The United States is home to about 5,000 Montessori schools. Around 90% are private institutions, while the remaining 500 are public.
Interestingly, Montessori education first started in Italy in the early 1900s. Dr. Maria Montessori, Italy’s first female physician, created it.
So what exactly is it, and what can you expect from this learning method?
Keep reading to find out and determine if your child would do well in a Montessori school.
Table of Contents
What Is Montessori Education?
It’s a learning method focused on hands-on learning and self-directed activities. In Montessori classrooms, students make creative choices based on their preferences. While highly trained teachers are there, their primary role is to support and guide the kids.
What Can You Expect?
One of the first things you can expect is that it differs from standard types of education.
For example, Montessori classrooms have students of significantly varying ages. They group kids based on the education method’s “planes of development.” This often includes groups of kids 18 months to 2.5 years, 2 to 6 years old, 6 to 9 years old, and 9 to 12 years old.
In standard classrooms, students are usually the same age. Some may be a few months older than their classmates but not an entire or over a year apart.
Montessori learners are also free to move around their learning environments. They can explore the many materials provided for hands-on learning. By contrast, students in traditional schools follow a structured and scheduled curriculum.
Montessori learners can choose and stick to whichever activity they want. They can then rely on their teachers when problems or questions arise.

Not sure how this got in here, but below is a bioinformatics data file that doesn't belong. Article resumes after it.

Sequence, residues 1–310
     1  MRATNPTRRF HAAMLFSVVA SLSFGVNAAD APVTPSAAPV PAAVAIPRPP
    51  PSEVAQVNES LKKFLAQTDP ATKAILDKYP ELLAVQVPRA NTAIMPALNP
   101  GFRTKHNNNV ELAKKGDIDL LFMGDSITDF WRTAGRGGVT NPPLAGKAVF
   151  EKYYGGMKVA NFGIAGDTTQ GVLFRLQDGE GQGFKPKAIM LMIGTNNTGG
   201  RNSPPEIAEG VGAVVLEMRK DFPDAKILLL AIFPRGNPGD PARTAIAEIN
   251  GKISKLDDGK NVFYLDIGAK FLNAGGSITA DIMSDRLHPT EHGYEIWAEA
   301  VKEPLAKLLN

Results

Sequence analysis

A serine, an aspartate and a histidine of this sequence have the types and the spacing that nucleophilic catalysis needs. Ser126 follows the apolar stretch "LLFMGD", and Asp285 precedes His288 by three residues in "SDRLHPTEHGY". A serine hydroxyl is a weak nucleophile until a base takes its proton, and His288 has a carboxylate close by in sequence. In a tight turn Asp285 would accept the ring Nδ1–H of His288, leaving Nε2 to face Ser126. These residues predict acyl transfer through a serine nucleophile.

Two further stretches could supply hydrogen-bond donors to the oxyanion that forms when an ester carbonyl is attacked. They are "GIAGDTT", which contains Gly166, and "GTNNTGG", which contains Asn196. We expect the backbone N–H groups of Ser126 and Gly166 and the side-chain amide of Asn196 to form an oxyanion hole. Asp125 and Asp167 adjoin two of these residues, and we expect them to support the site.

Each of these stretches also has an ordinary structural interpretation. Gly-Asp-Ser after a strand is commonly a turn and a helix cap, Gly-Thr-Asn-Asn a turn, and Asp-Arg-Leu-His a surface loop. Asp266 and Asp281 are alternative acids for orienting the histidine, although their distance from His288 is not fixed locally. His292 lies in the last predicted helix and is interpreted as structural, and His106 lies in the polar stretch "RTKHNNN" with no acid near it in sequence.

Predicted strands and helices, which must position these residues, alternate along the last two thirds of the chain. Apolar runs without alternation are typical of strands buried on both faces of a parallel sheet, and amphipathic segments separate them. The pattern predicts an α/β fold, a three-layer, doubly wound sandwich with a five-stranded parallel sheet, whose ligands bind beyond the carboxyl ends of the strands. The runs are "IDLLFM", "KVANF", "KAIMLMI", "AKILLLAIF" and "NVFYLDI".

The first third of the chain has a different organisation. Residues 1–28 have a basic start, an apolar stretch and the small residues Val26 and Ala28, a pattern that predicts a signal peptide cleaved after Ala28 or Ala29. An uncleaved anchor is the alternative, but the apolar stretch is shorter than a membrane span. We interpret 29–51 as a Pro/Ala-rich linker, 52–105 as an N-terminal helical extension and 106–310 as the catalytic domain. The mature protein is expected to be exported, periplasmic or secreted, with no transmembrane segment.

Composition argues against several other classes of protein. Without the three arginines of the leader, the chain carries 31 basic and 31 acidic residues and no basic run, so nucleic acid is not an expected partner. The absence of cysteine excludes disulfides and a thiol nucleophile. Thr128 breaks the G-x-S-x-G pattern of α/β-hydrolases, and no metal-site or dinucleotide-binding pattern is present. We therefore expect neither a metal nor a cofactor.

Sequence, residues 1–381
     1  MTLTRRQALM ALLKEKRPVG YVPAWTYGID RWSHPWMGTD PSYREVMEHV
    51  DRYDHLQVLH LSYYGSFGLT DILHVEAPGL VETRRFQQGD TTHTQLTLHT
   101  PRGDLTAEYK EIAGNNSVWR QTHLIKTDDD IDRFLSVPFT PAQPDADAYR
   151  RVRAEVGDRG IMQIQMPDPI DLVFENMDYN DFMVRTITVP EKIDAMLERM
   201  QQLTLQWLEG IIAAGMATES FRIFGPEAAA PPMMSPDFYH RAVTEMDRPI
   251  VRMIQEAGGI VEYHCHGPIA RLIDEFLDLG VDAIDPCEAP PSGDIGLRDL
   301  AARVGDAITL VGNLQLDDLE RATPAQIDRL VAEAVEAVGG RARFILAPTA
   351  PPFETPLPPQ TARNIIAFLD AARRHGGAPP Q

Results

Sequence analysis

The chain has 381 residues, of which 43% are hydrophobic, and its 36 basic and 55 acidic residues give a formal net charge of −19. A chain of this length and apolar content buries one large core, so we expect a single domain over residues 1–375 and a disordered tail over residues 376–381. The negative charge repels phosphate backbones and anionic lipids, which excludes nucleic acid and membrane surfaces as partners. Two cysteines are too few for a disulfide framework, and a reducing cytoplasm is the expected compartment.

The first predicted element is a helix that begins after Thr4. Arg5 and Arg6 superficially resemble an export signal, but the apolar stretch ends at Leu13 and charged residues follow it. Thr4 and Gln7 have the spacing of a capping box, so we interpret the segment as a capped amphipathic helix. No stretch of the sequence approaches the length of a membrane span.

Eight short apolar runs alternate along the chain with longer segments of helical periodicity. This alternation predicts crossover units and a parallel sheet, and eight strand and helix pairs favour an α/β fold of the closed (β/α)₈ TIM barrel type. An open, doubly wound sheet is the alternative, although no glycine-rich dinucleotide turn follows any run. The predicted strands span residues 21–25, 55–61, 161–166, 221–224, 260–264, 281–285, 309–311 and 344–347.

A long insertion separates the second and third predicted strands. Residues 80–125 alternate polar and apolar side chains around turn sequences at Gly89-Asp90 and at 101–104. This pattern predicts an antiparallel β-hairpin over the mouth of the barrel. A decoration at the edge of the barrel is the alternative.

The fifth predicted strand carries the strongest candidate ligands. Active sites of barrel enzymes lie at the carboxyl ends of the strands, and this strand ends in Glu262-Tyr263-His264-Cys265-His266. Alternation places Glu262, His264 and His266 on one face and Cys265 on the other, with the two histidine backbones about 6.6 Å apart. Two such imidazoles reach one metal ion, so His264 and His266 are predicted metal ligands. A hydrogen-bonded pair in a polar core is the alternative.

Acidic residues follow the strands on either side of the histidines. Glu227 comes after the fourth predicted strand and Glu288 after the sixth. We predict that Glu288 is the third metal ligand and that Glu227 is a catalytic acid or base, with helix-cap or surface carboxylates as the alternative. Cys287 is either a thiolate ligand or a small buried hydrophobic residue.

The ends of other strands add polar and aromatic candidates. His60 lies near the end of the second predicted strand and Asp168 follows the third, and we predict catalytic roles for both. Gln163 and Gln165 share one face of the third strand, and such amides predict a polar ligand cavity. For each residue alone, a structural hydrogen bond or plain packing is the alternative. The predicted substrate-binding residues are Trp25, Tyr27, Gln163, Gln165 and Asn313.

Teachers encourage students to make creative choices. Still, they ensure learners have access to age-appropriate activities and learning materials. They also watch over the kids in the background, letting them learn independently.
Benefits of Montessori Education
Montessori education recognizes that not all kids learn in the same way and at the same pace. Thus, it focuses more on accommodating each student’s learning pace. There’s no hurry here; learners have all the time they need.
That’s a chief advantage to traditional education that strictly follows a schedule. It doesn’t wait for children who need more time to learn than their peers. Experts say these students account for about 15% to 17% of the average school population.
Another benefit is that Montessori education provides an individualized learning plan.
Once Montessori learners show their readiness to advance, that’s the only time they do. Their teachers then create an education program tailored to each student’s capabilities. To learn about the subjects taught, start by reading Montessori curriculum found here.
Consider Montessori Education For Your Child
Please remember that not all children learn the same way and at the same pace as their peers. Forcing them to keep up with their classmates in a typical classroom can do more harm than good.
So, consider Montessori education if you think learning at their own pace is best for your kids.
Ready for more guides like this? Then you’d love our post about the factors to consider when choosing a school for your kids!
Spread the loveThe sound of a dog barking can be a source of annoyance to many people. If a dog
Spread the loveThis paper aims to explore the world of ldnfootfreak_95, a social media account that has recently gained notoriety